Chilaquiles Verdes with Chicken and Sunny-Side Egg
I grew up in a northern country town with limited dining options and not much diversity besides diners and BBQ. There was one Mexican restaurant off of our busiest road. It was always packed — usually with our teachers enjoying happy hour margaritas.
On the few occasions that my high-school self made it to this restaurant — not familiar with Mexican dishes, and even more nervous about dying from spicy food, I found one dish which I always ordered: chilaquiles. Semi-soft tortillas bathed in a green sauce (which was actually kinda spicy), with shredded chicken — it was amazing.
It’s been over 7 years since I stepped foot in that restaurant (or had the delicious chilaquiles).
This past week, I was going through my cookbooks and found one recipe by the Sussman brothers, who made chilaquiles with tomatillo salsa. I thought it was fate — I had to go to the market to make this recipe myself.
Ingredients for Chilaquiles Verdes with Chicken
Cooking with New Ingredients
I never cooked with tomatillos before. But I knew enough from watching Food Network that they looked like light green tomatoes and had papery husks on the outside.
The recipe called for three pounds of tomatillos. I had no idea how much that would be (and considering I couldn’t find a scale in the market), I guessed based on how many a cookie-sheet would hold. This came to a bag and a quarter of tomatillos.
Finding the other ingredients was easy as well. I bought the jalapeno right next to the tomatillos. I only purchased one, because I don’t like spicy food. In reality, this recipe could’ve used more, even for my taste.
Homemade vs Store-Bought
The tortilla chips were the hardest part. I remembered the original recipe I ate all those years ago used thick-cut tortilla chips. They were probably homemade, but I assumed I could find something in the store that would be the equivalent.
I ended up with a bag of the tortilla chips that you have with dip at parties. If I had really planned in advance, I would’ve made (or bought) soft tortillas and then fried them myself.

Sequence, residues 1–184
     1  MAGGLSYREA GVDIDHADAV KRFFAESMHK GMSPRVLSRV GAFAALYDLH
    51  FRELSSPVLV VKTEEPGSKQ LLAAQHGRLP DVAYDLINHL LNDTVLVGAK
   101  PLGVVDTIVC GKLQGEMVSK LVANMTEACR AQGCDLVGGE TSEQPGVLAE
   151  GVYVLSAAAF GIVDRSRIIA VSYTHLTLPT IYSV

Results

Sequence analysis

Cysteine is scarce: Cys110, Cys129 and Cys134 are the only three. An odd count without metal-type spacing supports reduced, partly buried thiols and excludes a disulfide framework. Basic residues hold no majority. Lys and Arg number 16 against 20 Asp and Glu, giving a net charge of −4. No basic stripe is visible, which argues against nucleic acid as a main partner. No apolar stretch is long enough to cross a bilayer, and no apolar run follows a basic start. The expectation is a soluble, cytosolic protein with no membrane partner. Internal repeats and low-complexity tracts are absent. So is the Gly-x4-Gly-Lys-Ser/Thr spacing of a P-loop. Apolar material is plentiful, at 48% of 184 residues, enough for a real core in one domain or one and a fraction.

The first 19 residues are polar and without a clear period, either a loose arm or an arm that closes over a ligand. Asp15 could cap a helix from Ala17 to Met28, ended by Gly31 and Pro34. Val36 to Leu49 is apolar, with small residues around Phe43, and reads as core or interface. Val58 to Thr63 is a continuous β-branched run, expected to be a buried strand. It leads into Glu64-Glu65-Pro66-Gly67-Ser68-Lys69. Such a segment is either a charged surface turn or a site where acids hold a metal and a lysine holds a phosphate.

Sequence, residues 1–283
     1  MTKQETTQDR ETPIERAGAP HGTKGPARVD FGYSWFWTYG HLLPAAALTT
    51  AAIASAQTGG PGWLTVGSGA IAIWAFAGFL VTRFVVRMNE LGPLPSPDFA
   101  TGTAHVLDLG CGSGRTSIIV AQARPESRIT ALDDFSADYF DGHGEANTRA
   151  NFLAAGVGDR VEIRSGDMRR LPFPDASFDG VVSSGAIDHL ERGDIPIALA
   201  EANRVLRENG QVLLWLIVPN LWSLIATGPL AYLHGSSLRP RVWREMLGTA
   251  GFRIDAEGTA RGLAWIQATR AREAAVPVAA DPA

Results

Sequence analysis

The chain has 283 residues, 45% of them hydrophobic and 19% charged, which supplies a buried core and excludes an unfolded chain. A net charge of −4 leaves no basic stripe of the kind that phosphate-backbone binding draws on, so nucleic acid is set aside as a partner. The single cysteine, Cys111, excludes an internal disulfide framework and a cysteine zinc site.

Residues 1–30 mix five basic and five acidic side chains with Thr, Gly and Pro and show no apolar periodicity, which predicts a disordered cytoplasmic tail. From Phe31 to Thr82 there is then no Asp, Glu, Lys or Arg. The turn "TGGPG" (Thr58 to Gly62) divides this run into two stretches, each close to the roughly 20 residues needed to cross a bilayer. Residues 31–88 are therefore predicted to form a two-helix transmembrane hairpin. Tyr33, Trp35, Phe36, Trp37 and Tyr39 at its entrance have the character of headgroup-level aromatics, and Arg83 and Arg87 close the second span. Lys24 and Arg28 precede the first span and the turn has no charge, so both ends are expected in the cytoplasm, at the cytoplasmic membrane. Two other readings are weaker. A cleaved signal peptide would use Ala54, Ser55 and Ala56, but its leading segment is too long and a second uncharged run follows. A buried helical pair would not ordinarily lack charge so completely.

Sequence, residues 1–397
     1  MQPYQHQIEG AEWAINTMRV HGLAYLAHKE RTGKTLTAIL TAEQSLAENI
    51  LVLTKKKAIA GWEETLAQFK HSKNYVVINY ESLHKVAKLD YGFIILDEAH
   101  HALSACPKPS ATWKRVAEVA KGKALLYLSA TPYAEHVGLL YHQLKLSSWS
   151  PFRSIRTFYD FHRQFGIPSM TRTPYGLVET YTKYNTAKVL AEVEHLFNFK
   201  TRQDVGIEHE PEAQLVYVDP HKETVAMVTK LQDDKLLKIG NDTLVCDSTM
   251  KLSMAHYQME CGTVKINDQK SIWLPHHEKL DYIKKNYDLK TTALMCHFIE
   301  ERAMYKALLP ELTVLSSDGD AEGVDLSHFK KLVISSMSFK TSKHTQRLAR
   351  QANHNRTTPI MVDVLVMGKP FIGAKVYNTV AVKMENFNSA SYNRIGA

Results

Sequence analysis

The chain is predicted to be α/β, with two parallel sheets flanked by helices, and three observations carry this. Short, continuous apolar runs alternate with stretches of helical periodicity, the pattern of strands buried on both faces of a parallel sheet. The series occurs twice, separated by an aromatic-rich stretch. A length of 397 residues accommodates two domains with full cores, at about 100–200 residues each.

Determining the best queso fresco was an interesting debate. I found a large container at the market that said, “Authentic Mexican” while another version said, “Portuguese Style.”
There was a difference in texture for all of the queso fresco brands. Some looked dry and crumbly while others sat in a bit of liquid and looked creamier. In the end, I went with the “Authentic Mexican.”
The recipe called for shredded chicken. I did have frozen chicken at home that I could’ve baked or grilled and then shredded apart. But, it was a Thursday night after work and the salsa verde was going to take me a bit of time, so I opted out of cooking the chicken myself.
Here’s the easy cooking hack — buy a pre-cooked rotisserie chicken from Costco. It’s about $8-$10 depending on the size and makes this recipe even easier. All you have to do is shred a cup of the chicken and heat it up.
Instructions for How to Make Chilaquiles Verdes with Chicken and Sunny-Side Egg
The Salsa Verde
The longest part of this recipe (for me) was blending the ingredients for the salsa verde. My food processor is on the smaller side, and I had some hefty tomatillos, so I had to cut them in half to make sure they fit/pureed easier.
Besides that, this recipe is a one-pan cooking. I left my tomatillos and ingredients in the oven a bit longer than the recipe calls for. I waited until their skins were textured and blistered before removing. Your oven may be different, so keep this in mind.
Assembling the Tortillas